In addition, recent discussions and decisions of the agricultural G20 can be interpreted as new attempts to forge intergovernmental regulations beyond the WTO negotiations, but with significant areas of overlap such as possible rules on export restrictions. It is too early to assess the impact of a tentative agreement, which would aim among other things at the organization of greater market transparency by sharing information on stocks (a lot will depend on the modality of such an agreement's application). This is in fact an attempt to overcome the paralysis in WTO negotiations and to move beyond its strict framework.

Finally, any discussion on the future of the international regulation of agricultural markets must take into account the recent emergence of mechanisms, involving the participation of a variety of agents from civil society and private and public sectors, which are engaged in common objectives, particularly in terms of environmental protection such as the "Roundtable on Sustainable Palm Oil". Such mechanisms can indeed be considered as a new form of regulation since private companies are bound to codes of conduct that set defined limits to their pursuit of profit for the benefit of the greater good, even if this approach has well known limitations.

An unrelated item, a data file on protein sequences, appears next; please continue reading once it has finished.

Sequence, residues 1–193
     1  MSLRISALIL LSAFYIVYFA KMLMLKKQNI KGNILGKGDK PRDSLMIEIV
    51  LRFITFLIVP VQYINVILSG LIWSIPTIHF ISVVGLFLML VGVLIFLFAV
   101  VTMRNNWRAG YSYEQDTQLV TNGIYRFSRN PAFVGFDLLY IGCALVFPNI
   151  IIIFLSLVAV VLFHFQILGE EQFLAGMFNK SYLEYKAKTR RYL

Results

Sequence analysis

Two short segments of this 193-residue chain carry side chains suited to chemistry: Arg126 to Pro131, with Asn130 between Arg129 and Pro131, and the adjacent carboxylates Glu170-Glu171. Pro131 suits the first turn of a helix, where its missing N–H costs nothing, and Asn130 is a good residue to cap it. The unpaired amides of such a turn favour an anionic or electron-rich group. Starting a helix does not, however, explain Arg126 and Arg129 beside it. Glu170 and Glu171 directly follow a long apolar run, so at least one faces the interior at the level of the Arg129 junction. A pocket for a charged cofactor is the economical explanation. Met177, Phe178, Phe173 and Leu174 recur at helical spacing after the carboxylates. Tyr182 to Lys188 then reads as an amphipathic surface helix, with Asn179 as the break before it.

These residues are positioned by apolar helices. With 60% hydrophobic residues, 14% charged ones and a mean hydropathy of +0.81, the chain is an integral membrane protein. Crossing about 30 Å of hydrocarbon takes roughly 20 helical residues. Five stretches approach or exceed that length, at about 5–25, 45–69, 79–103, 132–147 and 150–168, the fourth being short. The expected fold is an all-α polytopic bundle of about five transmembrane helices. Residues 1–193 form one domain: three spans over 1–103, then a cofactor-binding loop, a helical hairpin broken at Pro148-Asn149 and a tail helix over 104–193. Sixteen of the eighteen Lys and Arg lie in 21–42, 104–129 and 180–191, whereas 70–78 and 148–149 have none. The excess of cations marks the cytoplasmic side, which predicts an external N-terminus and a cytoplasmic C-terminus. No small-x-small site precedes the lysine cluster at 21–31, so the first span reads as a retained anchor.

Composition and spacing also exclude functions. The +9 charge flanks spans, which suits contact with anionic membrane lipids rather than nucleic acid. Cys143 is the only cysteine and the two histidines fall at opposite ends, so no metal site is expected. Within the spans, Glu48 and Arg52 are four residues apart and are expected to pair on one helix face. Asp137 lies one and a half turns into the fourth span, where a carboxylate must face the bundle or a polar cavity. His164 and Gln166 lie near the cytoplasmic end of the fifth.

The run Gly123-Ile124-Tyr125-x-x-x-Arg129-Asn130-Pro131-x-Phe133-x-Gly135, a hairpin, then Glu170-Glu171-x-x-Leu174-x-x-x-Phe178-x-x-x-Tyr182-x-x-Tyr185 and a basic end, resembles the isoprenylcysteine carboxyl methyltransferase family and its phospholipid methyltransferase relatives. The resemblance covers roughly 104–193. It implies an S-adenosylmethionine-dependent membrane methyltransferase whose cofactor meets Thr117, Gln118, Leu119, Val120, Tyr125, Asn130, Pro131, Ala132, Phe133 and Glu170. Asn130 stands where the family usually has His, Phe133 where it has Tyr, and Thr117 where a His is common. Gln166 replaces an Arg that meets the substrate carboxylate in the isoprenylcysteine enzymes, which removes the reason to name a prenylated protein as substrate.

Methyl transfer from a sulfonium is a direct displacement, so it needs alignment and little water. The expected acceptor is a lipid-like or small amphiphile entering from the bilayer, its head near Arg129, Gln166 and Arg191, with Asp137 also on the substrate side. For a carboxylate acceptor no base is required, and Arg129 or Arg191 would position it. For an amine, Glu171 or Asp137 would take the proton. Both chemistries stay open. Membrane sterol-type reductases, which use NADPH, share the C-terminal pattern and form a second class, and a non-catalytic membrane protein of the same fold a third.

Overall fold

The international regulation of trade, an unfinished story

Primarily sectoral, private standards have expanded in terms of scope and the number of stakeholders involved in their creation and implementation. Public actors are now trying to regain control of these standards by becoming strongly involved in the generation of knowledge on these standards.